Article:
Matches on the Main Piste in a Tournament for Wheelchair Fencers

今The Wheelchair Fencing Open Championships were incorporated into the third day of the All Japan Fencing Championship (Individual Matches) hosted by the Japan Fencing Federation, which was held between December 1 and December 4, 2016. This is the second time for the championship to be held simultaneously in this way. This year, it particularly attracted attention since all nine matches, including the round-robin qualifier, took place at the “podium,” or the main piste set up higher than others in the middle of the venue. This is quite a big difference from last year when all matches, other than the final match, were held in the No.1 piste off to the side of the venue.

Masashi Hoshino, President of the Japan Fencing Federation, spoke of his aspirations. He said, “We did this because we wanted as many people as possible to see wheelchair fencing. We (non-disabled fencers) learned much last year when we held the championships at the same time. It is a sport that anyone can participate in if they sit in a wheelchair. Even (Olympic medalist) Yuki Ohta could participate in it. We want to boost fencing in Japan, both through the Olympics and Paralympics.”

For wheelchair fencing, there is a major significance to having the non-disabled and wheelchair fencing championships held at the same time. Koji Emura, who is a former head coach for non-disabled fencing, has supported wheelchair fencing for many years. He saw the impact it had and said, “Hosting the championships together in 2015 motivated many wheelchair fencers to want to compete there. It has helped increase the number of wheelchair fencing athletes.”

A Paralympic Gold Medalist Provides Guidance to JWFA-certified Fencers

Yasu, who once again clinched the title (front row, second from left) Photo by Kyoko Hoshino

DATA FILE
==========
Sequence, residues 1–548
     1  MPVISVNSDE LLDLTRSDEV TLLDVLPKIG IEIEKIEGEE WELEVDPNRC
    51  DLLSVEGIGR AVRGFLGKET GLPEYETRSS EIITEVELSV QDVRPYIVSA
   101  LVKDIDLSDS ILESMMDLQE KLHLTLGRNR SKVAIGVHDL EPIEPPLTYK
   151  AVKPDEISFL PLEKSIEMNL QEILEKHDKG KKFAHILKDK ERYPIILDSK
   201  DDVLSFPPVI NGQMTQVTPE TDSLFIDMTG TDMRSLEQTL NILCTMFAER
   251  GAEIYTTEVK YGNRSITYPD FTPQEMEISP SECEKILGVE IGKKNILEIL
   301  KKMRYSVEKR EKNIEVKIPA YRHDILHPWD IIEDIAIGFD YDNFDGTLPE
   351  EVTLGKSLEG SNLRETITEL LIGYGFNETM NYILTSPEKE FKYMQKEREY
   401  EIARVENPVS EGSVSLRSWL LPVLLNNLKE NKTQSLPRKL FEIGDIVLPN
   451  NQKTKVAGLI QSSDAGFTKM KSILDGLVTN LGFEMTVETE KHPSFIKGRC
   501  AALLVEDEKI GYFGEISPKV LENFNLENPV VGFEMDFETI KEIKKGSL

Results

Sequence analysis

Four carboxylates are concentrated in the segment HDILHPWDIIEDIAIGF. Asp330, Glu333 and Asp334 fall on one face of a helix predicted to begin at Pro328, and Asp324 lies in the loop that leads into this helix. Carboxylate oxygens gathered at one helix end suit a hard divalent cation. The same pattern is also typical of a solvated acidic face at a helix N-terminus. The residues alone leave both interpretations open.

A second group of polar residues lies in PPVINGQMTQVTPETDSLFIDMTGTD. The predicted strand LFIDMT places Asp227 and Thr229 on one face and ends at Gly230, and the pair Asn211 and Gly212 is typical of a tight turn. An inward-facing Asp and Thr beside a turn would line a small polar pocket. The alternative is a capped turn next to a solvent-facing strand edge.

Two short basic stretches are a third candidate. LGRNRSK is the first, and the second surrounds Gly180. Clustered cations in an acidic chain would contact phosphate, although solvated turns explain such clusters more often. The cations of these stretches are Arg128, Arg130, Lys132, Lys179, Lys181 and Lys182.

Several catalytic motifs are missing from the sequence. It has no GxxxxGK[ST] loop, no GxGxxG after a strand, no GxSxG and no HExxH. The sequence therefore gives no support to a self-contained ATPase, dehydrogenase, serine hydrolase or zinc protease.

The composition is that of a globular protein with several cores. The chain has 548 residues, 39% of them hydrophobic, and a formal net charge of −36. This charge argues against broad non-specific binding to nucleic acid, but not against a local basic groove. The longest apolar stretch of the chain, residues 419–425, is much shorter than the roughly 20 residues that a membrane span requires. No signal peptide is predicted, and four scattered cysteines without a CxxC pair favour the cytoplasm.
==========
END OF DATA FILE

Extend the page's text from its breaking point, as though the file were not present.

The number of Japanese wheelchair fencers has increased to about 40 in recent years. However, there is still a very large disparity in their skills, and there are only a handful of fencers who can hope to compete on the world stage. There are still many challenges in addition to boosting the skills of individual fencers, such as cultivating para-fencers who possess potential.

Amid such circumstances, the Japan Wheelchair Fencing Association (JWFA) invited Paralympic Gold medalist Fung Ying Ki of Hong Kong to Japan to serve exclusively as Japan’s head coach. He arrived in October. This has enabled a new scheme for strengthening the skills of para-fencers, such as through a three to four-day training camp held twice a month in Kyoto.

Ki has had a connection with JWFA members since around 2008. He has been involved several times in the past in coaching Japanese para-fencers, coming to Japan to serve as short-term coach. Using such experience as the basis, he wants to do even more now. He said, “In addition to aiming as head coach to get Japanese para-fencers to compete and get on the winner’s podium at the Tokyo Paralympic Games, I also have a big objective of helping wheelchair fencing take root in Japan so that it will be able to continue on beyond 2020. Having the championships take place at the same time as in this tournament is a good exhibition for spreading this para-sport. It is also meaningful in that it provides a good opportunity for athletes to get used to fencing in front of many spectators.”

For the time being, the biggest goal for Japan’s wheelchair fencing circle is to nurture athletes who will be able to compete in the Tokyo Paralympics since it is taking place locally. However, there is not all that much time left. We look forward to para-athletes and JWFA members rousing themselves even further and seeing an acceleration of the speed of activities.

text by Kyoko Hoshino
photo by AFLO SPORT